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Some thoughts on Uganda

posted Aug 18, 2012, 6:44 AM by jj pionke
How the heck do you describe a place like Uganda?  It's a complicated place. 

Snapshots:

Outside of the cities, people live in concrete or brick buildings sometimes.  Not everyone though.  There are many villages where the principal housing is mud huts with thatch for a roof.

The Lake Victoria Hotel is a bastion of old colonialism, complete with pool, waiter service, and overpriced food.

The dust gets into everything.  The white parts of my gym shoes are now a reddish brown.  Even my tan colored hat is now a reddish brown from the dust.

Security is everywhere.

While I've been here, Hillary and Bill Clinton have come.  Not at the same time.  Both times the security around here reached unimaginable proportions.

Ebola is in Kabaale District.  There has also been a case in Kampala (a health worker from Kabaale District).  Kampala is only one hour away by car.

The weather has been absolutely perfect and my arms have been the tannest they have been since I lived in Japan (though not quite that dark).

When I get back to the US, I am taking a break from peanuts and peanut butter for at least a solid month.

Everyone speaks English....whether or not they understand it, even when you slow down, is a whole different issue.

Lizards are everywhere. They are good as they eat the lake flies that are everywhere.  There's a small one no longer than my pinky that adopted the apt and I have called it Ralph.

The country bursts with produce - the avocados, mangos, pineapples, etc so large and juicy and good that it's like no food on Earth.

You have to take Uganda on its' own terms.  You'd go crazy is you do otherwise.

Cell phones are everywhere and so are internet USB modems.   Very few people have landlines.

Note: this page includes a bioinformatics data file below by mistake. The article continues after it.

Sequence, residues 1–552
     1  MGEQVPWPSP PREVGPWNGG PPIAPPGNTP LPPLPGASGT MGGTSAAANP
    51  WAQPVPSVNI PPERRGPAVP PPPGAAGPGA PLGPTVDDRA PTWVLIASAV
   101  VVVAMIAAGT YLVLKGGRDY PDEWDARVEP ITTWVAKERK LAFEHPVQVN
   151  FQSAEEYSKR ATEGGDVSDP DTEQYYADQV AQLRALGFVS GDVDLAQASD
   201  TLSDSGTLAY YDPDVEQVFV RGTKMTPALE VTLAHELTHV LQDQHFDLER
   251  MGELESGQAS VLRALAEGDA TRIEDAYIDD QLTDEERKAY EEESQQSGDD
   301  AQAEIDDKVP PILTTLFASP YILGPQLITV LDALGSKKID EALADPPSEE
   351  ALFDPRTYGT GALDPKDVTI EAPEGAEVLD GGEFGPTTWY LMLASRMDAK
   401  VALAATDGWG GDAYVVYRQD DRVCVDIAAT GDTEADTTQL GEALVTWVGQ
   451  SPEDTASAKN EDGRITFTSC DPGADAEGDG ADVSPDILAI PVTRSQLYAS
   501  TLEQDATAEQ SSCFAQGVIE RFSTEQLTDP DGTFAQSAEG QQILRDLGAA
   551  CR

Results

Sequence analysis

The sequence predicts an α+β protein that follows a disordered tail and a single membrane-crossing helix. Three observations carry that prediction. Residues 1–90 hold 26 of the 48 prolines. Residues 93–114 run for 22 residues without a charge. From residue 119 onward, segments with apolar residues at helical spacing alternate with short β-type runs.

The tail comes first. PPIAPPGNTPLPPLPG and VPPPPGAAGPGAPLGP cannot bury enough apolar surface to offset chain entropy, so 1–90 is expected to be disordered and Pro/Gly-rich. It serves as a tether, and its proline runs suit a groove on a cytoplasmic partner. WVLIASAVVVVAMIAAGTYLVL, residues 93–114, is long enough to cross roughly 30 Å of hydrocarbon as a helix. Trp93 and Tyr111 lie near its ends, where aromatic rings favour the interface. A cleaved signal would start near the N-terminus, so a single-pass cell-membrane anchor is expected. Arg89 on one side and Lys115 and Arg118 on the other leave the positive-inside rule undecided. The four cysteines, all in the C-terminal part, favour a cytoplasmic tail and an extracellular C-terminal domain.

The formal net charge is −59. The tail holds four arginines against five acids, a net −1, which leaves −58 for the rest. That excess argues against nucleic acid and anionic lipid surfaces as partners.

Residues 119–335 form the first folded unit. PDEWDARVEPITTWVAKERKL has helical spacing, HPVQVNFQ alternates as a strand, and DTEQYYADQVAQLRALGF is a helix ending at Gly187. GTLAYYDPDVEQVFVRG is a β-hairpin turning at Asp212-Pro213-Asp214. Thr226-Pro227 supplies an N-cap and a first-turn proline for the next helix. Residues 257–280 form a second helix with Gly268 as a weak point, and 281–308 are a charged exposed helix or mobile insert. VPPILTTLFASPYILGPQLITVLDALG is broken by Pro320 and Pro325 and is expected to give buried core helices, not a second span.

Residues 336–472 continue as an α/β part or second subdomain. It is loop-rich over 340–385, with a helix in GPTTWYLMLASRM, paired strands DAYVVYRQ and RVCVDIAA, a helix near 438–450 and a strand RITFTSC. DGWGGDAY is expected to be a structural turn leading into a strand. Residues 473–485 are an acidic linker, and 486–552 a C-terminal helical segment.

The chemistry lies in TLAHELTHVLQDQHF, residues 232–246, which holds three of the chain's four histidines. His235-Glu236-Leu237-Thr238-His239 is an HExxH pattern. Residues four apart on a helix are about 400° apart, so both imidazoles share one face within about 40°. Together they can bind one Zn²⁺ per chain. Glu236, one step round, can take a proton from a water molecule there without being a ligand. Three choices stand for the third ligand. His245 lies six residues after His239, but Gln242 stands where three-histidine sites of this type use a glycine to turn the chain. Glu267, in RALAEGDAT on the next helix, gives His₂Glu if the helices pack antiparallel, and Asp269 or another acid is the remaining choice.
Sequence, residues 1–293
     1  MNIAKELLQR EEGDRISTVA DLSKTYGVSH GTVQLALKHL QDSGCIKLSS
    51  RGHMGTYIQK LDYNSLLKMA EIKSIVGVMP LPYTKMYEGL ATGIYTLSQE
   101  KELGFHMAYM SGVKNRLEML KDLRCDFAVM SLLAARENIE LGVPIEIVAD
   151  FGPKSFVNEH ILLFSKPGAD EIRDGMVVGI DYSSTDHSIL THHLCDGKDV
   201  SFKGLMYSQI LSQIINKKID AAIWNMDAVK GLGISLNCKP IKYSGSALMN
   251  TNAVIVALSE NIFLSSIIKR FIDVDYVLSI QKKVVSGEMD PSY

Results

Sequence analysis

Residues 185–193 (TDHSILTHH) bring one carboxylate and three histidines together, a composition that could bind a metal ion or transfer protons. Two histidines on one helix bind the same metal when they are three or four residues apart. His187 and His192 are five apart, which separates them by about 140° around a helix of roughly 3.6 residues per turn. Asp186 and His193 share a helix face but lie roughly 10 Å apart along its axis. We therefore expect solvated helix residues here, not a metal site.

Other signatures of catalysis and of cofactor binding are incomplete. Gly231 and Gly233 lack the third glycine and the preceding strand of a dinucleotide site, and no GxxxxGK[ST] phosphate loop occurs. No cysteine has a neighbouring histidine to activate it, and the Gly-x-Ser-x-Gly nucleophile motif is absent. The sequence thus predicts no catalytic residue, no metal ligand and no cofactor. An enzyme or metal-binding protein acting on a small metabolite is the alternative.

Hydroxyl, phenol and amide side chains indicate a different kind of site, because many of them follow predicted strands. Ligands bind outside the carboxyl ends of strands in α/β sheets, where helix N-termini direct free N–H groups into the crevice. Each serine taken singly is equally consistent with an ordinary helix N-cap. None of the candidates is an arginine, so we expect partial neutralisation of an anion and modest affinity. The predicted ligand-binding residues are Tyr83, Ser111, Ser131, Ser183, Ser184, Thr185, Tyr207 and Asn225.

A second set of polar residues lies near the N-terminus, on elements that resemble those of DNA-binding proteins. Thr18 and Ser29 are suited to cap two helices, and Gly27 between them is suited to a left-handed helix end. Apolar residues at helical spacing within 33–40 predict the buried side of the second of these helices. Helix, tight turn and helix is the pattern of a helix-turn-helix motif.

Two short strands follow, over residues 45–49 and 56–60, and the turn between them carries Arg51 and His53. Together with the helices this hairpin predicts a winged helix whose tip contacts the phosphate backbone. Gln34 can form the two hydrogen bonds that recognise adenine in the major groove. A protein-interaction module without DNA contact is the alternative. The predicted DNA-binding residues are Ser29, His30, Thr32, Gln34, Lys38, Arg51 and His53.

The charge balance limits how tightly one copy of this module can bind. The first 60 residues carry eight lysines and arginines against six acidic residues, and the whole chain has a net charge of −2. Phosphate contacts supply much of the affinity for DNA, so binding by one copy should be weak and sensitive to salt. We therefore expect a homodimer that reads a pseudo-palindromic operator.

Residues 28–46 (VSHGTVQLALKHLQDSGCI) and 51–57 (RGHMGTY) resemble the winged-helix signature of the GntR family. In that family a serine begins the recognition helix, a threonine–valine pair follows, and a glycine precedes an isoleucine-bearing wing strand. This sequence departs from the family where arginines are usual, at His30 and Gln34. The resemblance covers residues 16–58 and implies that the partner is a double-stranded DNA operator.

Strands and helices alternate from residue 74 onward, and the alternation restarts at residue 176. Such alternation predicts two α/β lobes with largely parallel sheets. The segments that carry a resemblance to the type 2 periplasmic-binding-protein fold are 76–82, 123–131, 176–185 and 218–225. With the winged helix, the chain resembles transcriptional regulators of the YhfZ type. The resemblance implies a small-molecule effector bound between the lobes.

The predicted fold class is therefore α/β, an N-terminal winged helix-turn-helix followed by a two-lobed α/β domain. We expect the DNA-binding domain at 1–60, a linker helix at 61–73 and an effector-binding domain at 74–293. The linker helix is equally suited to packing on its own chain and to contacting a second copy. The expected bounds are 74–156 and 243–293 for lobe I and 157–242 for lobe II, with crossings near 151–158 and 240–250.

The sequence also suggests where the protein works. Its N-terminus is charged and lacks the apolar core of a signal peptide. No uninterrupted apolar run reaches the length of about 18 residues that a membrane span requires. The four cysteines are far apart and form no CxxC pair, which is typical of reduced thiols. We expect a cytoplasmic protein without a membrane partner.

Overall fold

It always smells like burning - sometimes it is burning trash and sometimes it is plant materials but smoke is present wherever there are humans.

You don't realize how quiet places like America are until you live in Uganda with chickens, goats, cows, pigs, large birds, and people all making a racket at O'God o'clock.

You will never take a washer and a dryer for your clothes for granted ever again.

You'll never take water drunk straight from the tap for granted ever again either.

Boda Bodas are everywhere and cheap.  They are also just as likely to give you a heart attack.  Let's just say that road rules are more of a suggestion than a rule.

Bargaining is acceptable everywhere including for taxis, rent, produce, etc.

Do not walk alone at dark, especially as a woman, even in supposedly safe areas.  A friend was mugged on her way home.  She was fine and the thief really didn't get much of anything, but still, something to be aware of.

Safari is worth every single penny.

The stars have never seemed so bright, even in Entebbe.

A gin and tonic is quite refreshing and you know, a little extra malaria prevention goes a long way.

Children (and some adults) will joyously greet you with Muzungu!

Uganda is a good place for introspection and not just because the power goes out or that there isn't a whole lot to do or see if you are in the cities.
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